The First Part of the Animation Production Process
The treatment is your gameplan and is a pre packeged writing sample of the entire plot, typically the step between scene cards (index cards) and the first draft of a screenplay for a motion picture, animation, television program, or radio play.
The script is a written document that you put together to provide a coherent story with dialog and sound cues. It's usually typed or written by hand and is essential to the plot, the characters, and the sotry arc of a three act structure, or a five act structure.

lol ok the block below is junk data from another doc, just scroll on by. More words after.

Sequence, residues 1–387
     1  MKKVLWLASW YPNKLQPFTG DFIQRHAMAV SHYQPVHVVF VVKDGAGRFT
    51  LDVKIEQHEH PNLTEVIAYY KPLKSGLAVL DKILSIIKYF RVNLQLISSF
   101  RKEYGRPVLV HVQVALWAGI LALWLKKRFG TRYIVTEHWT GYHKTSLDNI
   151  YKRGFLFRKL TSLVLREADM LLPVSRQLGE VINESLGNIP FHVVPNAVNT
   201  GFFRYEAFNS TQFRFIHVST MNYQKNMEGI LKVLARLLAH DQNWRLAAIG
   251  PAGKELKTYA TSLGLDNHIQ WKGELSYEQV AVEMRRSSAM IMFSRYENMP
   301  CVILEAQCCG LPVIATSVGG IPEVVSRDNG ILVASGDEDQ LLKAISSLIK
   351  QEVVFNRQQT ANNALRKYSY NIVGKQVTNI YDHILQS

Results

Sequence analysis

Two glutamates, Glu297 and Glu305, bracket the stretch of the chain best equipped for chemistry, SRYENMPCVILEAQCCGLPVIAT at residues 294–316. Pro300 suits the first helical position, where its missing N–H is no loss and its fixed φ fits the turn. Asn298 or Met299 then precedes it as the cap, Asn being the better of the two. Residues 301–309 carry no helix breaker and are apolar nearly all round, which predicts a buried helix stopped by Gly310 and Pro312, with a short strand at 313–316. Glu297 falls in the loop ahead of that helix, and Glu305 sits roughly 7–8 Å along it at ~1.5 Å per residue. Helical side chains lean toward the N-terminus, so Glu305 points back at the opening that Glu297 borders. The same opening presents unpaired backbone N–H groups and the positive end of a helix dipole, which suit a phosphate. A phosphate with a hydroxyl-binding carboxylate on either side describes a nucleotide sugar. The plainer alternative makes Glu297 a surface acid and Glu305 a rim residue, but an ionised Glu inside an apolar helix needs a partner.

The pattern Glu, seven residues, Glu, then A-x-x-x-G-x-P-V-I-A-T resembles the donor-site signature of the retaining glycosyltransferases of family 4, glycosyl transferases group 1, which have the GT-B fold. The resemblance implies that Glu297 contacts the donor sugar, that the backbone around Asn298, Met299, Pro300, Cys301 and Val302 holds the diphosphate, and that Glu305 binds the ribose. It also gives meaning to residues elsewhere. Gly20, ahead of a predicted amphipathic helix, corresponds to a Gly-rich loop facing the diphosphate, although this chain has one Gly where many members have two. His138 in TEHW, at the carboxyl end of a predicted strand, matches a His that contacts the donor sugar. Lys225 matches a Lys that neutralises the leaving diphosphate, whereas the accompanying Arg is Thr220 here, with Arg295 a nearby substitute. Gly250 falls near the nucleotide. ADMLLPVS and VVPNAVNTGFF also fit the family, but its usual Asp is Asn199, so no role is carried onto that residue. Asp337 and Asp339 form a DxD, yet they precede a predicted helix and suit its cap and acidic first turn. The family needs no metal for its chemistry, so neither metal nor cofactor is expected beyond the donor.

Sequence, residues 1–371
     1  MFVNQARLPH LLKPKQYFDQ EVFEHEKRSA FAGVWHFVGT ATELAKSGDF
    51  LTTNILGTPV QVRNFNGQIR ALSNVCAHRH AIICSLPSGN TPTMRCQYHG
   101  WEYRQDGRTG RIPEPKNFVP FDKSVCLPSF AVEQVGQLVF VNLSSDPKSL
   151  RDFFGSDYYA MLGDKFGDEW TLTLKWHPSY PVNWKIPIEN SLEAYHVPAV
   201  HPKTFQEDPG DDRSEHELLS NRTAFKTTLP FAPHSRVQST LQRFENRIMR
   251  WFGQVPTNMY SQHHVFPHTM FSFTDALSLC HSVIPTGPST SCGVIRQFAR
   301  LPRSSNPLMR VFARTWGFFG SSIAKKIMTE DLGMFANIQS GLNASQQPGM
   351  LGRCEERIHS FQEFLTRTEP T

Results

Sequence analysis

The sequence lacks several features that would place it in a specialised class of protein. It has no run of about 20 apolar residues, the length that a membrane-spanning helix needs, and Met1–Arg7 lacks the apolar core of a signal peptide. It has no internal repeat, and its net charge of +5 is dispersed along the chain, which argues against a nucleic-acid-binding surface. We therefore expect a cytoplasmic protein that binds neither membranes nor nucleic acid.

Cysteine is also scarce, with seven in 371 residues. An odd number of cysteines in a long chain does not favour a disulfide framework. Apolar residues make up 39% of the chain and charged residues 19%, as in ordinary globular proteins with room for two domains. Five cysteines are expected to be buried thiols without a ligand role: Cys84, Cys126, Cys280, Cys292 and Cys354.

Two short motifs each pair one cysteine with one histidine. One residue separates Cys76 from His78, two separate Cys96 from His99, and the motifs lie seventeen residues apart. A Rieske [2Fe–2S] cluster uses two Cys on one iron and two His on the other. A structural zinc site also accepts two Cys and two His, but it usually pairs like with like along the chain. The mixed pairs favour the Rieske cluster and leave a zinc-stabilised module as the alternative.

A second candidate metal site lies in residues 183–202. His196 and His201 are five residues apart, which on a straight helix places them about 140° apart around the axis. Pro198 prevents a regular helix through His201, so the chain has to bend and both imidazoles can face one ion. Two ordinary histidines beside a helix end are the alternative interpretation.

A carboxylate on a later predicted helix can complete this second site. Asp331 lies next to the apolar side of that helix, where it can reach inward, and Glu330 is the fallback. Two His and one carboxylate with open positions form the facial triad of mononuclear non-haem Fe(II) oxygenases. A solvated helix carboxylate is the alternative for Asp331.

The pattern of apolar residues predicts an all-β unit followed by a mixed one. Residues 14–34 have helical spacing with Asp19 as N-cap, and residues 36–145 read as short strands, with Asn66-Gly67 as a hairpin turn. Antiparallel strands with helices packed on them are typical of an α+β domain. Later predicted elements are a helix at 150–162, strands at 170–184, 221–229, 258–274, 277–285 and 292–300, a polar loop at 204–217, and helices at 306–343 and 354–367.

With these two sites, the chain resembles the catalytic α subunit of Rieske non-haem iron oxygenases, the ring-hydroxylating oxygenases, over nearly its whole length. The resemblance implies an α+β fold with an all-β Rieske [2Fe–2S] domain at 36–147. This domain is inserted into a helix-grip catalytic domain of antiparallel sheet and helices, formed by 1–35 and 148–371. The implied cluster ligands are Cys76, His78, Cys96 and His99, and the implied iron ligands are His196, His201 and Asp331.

The concept art (Characters and Backgrounds)
Concept art are the illustrations that make up the backgrounds, characters, and elements of your animation or film. They play a vital role to establish the feeling and look of how your animation will play out. They are used in films, video games, animation, comic books, or other media before it is put into the final
The storyboard is a sequence of illustrations or images for the purpose of pre-visualizing a motion picture, animation, motion graphic or interactive media sequence.